In terms of a BAME (Black, Asian Minority Ethnic) actor in the UK being cast in what is considered traditionally white theatrical roles, recently I can only think of one. A Black actress cast in the part of Bobby in The Railway Children. I am sure there must be others. But for the life of me I cannot think of any at the time of writing this blog post. The actress playing Bobby got a mixed reception. Some went with it, for others it ‘spoilt’ the show. They complained of having to try and explain things to their disappointed children. I couldn’t help thinking at the time, was it the children that were disappointed or the adults? Was it about the fact that the role had been played by a Black actress , most of whom admitted she did a fine job, or that audience members’ own prejudices and preconceptions prevented them from sitting in a theatre, suspending disbelief and just enjoying the show? After all in the theatre, is that not the contract that the audience and theatre enter into? For a brief time all things are possible. If you want realism watch the news, watch a conventional documentary. Theatre is all about the imagination. The audiences’ and the actors’ combined imaginations, or at least it used to be.
Thing is, I don’t see too many BAME actors being cast in white roles. The RSC (Royal Shakespeare Company) claimed that it was breaking the mould back in 2000 when they cast David Oyelowo as Henry VI, at the same time Adrian Lester was about to tread the boards as Hamlet in Brooks production at the Bouffes du Nord in Paris, December 2000. Both actors received, as far as I recall, great critical acclaim for their portrayals.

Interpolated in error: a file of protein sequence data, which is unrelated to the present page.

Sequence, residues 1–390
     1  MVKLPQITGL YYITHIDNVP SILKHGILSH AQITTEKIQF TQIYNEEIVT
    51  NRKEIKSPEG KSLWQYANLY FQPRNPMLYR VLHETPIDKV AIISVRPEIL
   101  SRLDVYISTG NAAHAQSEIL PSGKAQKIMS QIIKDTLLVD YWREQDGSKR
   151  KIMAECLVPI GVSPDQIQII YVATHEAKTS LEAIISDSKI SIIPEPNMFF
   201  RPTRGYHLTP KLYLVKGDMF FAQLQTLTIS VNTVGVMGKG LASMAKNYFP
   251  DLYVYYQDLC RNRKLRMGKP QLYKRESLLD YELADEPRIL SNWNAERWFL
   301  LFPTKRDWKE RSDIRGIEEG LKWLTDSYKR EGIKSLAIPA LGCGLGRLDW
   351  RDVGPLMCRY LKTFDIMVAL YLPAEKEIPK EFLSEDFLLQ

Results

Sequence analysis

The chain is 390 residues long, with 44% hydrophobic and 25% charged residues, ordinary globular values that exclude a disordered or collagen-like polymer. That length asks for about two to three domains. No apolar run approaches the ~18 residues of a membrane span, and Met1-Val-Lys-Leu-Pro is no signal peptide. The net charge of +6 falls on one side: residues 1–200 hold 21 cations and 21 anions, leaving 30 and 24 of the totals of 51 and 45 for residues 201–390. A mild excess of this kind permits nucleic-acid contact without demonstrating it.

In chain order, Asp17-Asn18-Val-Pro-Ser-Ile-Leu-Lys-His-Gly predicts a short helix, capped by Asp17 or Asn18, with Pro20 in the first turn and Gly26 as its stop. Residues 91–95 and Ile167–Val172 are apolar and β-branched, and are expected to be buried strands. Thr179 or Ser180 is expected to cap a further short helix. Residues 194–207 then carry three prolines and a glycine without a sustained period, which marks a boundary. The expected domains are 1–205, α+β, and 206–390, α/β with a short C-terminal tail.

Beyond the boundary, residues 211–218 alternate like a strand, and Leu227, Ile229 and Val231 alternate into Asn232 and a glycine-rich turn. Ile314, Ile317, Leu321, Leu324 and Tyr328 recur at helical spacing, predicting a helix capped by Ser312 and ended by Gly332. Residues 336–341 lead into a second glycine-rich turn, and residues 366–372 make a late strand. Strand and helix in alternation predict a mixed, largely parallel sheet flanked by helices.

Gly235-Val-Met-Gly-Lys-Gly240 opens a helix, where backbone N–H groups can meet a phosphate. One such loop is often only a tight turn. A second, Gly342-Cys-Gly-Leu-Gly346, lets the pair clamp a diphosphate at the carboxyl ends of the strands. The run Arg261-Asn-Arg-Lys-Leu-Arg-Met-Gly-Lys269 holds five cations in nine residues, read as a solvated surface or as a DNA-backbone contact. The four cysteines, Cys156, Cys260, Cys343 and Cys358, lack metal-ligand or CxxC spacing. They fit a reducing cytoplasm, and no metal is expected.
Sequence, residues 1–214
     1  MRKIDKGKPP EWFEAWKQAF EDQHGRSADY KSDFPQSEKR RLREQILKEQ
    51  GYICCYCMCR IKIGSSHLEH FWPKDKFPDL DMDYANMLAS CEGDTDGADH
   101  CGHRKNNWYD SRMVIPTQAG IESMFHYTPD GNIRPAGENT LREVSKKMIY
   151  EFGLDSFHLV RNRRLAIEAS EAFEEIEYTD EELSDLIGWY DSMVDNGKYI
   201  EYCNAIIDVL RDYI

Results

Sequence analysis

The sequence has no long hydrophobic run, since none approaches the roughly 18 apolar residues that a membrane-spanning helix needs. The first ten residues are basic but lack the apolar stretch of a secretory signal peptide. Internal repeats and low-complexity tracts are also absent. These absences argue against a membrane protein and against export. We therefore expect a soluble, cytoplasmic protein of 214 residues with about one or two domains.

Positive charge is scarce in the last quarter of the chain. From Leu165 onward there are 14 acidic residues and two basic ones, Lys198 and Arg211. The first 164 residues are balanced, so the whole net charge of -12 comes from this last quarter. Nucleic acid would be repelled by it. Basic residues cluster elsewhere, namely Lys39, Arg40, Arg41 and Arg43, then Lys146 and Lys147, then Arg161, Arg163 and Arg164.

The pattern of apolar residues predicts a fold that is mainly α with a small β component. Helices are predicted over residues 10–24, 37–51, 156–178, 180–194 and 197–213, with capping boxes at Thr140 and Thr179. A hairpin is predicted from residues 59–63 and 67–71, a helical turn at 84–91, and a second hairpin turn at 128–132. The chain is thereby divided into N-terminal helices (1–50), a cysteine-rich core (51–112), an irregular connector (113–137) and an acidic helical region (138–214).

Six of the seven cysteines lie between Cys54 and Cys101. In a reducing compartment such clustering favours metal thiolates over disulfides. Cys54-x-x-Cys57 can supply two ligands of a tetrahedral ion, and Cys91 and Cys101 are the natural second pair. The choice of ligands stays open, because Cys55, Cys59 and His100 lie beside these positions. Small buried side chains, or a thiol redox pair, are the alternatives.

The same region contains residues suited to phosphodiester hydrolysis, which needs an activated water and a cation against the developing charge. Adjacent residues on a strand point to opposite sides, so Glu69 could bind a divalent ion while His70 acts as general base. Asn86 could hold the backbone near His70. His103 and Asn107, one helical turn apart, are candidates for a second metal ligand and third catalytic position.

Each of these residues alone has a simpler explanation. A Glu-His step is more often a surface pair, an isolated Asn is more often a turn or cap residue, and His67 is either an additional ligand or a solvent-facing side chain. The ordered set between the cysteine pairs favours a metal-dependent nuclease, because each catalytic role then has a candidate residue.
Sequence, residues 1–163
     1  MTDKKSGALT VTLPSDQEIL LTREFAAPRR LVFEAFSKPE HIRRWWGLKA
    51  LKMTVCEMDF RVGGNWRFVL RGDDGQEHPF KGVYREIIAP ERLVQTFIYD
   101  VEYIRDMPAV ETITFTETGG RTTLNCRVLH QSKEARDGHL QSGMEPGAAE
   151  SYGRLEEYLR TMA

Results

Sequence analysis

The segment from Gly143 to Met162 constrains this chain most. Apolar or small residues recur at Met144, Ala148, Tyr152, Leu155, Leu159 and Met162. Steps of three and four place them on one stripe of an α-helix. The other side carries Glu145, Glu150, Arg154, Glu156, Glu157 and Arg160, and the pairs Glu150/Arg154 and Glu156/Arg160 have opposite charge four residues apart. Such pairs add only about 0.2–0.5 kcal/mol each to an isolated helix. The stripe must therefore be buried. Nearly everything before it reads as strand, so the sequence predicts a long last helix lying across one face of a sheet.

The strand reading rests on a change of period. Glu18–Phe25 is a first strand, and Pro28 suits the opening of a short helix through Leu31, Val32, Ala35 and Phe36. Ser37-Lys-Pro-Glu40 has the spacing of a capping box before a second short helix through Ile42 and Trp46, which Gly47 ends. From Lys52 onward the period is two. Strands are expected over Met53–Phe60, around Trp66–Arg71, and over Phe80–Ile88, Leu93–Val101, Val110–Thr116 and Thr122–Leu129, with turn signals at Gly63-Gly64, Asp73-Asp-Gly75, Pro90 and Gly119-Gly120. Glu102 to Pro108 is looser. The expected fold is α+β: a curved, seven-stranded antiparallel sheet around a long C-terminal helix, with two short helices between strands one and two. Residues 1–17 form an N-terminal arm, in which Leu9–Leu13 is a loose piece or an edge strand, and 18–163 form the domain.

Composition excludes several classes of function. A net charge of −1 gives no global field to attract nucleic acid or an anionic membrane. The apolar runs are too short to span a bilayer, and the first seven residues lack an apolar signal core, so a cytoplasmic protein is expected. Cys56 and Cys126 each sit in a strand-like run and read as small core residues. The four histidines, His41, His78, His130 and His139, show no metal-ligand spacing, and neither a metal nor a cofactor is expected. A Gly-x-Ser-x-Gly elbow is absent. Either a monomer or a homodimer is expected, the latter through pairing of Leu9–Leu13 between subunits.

But it’s not an everyday occurrence. A BAME actor, (more often than not a Black-Caribbean or South Asian actor in the UK) playing a classical lead, is the exception not the rule. It is happening more. But considering 2000 was the first time that the Royal Shakespeare Company actually cast a Black actor as a King, it is pretty shabby going.
Back to the matter in hand, Théâtre du Châtele’s revival of The King & I.
My point being, yes BAME actors do sometimes get cast in “white” roles. But not as often as their Caucasian counterparts get cast in BAME roles. Caucasian actors can go seamless from playing anything and practically everything without raising an eyebrow in many quarters. It’s appears to be ok for a work to be re-ethnicised, to be culturally re-structured to accommodate the casting of a Caucasian actor or actress. But you trying doing that, the other way around. Questions are asked, fingers pointed, barbed comments quite often bandied about freely on social media.
My ears are still ringing to the furore that Talawa’s all black Importance of Being Earnest elicited back in 1992. It literally split the professional theatrical and artistic community in two, those for and those against.
Whilst on the one hand a revival of The King & I can be staged in a manner that strips out the very heart of the piece, the political and the cultural concerns, by casting the King and Lady Thiang with Caucasian actors.
A company that in the UK looks at doing Chekhov’s Three Sisters or Ibsen’s Ghosts with a mixed or all British East Asian cast, would be in for a very rough ride indeed. One only has to look at the reviews from around the globe when it comes to multiracial casting – please I’d love to be proved wrong.
Is it fair, no. Will it continue to occur, yes. Will things change, possibly, but only if we ALL stand together and refuse to be complicit, refuse to enable this type of cultural laundering of work.
It seems that there is still one rule for the culturally dominant in society and another for those that are not.